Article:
Whether you'd like to lead, follow, or learn both roles, it's easy to learn enough of this dance to have a great time! Most people who dance WCS spend the majority of their dance time dancing with each other at parties and clubs, and some attend weekend conventions to dance with friends from around the country and the world.
Though some people like to do team or individual routines, the majority of West Coast Swing is focused on social dancing and done in casual clothes; even many of the most impressive and entertaining shows are "Jack and Jill" dancing, in which partners are drawn at random and music is a surprise!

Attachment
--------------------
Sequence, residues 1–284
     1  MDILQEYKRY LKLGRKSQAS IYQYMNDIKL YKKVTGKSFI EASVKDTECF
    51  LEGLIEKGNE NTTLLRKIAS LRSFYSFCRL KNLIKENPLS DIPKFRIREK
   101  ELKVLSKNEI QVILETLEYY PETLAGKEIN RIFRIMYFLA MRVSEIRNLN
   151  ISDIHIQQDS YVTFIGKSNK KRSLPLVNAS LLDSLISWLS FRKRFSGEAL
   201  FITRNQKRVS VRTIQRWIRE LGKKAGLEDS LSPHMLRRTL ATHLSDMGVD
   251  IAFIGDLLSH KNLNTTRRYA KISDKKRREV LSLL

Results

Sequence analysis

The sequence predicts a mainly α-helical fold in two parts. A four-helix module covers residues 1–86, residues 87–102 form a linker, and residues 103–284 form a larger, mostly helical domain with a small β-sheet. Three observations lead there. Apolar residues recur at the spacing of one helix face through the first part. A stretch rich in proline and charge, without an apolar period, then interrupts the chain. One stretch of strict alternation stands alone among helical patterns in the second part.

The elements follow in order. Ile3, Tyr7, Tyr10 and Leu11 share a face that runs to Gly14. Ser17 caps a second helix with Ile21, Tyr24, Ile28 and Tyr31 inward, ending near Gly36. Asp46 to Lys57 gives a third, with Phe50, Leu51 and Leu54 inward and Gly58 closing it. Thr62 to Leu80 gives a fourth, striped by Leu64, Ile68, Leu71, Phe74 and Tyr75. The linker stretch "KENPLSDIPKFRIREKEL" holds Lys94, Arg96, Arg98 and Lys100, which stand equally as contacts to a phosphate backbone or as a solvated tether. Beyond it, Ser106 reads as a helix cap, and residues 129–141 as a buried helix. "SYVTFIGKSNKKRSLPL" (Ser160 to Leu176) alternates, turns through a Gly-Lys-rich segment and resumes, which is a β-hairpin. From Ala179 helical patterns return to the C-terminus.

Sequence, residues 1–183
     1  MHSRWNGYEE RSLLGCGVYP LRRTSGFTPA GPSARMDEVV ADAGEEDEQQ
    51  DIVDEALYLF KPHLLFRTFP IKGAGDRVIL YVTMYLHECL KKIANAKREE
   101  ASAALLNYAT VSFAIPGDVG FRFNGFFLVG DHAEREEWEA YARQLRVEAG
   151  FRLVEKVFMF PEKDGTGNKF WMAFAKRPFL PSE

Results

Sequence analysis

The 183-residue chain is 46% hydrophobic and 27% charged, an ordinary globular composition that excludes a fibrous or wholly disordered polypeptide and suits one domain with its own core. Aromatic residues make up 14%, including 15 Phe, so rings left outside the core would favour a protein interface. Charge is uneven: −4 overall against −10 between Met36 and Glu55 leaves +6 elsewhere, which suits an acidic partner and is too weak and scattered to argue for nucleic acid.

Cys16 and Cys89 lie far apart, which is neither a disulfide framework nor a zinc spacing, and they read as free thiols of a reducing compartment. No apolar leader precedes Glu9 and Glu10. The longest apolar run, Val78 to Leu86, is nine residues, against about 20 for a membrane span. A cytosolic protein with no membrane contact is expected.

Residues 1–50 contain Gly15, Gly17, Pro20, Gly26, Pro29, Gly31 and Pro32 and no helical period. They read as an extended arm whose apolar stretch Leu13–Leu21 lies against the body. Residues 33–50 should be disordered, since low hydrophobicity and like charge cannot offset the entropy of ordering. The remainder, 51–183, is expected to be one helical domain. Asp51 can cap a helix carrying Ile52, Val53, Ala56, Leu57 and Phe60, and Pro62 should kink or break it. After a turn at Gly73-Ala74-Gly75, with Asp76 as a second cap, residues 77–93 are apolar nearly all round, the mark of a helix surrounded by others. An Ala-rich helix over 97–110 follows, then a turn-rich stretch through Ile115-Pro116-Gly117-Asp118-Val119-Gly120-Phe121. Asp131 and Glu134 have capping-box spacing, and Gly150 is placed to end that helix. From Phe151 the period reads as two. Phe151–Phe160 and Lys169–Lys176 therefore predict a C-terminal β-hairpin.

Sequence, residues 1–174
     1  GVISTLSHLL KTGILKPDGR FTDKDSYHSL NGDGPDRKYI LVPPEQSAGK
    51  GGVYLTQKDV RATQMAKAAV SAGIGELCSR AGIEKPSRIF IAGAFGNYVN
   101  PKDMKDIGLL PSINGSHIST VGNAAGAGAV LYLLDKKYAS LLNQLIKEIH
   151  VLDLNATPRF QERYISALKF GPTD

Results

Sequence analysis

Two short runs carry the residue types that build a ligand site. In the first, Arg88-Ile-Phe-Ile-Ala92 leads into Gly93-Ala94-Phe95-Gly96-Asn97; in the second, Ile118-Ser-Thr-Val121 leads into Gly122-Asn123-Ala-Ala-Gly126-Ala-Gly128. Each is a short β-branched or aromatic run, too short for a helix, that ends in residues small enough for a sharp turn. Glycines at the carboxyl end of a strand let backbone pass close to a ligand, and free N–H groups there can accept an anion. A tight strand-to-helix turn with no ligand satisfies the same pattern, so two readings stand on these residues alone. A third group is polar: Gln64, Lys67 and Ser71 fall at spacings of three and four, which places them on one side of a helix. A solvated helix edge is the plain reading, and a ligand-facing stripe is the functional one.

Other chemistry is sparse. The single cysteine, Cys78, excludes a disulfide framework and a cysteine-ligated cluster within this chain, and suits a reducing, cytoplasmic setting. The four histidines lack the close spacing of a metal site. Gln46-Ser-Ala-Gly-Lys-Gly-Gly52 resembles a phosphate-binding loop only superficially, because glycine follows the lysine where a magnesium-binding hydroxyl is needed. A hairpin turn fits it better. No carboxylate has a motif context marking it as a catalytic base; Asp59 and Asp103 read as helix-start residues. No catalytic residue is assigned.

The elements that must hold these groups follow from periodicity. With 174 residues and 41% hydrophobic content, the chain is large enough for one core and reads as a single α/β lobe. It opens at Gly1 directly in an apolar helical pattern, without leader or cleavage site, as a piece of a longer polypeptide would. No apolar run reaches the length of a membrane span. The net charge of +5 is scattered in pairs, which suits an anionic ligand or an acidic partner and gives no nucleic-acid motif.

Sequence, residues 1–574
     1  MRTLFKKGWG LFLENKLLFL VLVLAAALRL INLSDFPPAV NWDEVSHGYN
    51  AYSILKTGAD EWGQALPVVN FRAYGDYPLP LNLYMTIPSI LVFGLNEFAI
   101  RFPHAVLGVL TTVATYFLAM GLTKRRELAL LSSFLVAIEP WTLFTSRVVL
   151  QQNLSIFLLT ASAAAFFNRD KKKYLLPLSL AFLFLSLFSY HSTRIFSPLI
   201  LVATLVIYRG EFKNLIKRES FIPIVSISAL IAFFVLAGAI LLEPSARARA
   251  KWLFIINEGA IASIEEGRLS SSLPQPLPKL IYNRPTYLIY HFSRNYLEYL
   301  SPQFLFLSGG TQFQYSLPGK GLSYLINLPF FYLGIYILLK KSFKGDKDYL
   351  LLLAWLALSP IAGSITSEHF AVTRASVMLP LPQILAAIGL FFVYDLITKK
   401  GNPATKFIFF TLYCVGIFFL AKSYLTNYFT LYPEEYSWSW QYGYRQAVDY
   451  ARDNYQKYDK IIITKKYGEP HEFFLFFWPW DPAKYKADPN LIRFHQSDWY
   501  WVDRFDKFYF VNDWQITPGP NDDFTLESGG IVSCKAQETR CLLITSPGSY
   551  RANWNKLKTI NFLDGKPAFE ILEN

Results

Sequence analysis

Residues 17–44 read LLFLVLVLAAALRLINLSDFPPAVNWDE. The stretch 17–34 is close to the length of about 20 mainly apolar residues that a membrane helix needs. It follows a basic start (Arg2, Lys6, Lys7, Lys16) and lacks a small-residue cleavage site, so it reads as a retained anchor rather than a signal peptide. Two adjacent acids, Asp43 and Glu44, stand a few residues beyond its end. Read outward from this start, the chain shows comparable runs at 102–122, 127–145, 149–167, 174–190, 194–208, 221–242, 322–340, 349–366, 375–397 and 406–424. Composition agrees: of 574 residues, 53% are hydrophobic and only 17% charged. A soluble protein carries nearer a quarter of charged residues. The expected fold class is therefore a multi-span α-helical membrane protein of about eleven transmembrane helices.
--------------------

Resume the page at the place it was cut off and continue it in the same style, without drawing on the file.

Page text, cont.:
Like all the other swing dances so popular in the United States, WCS grew out of the swing style of jazz music of the 1920s-1950s, coming into its own as a regionally distinct style of swing dance around the 1940s. Though this dance has a long history, it is a living dance: it is danced to currently popular music, and because of its improvisatory nature, easily incorporates a wide range of movement styles and attention to the sound of the song.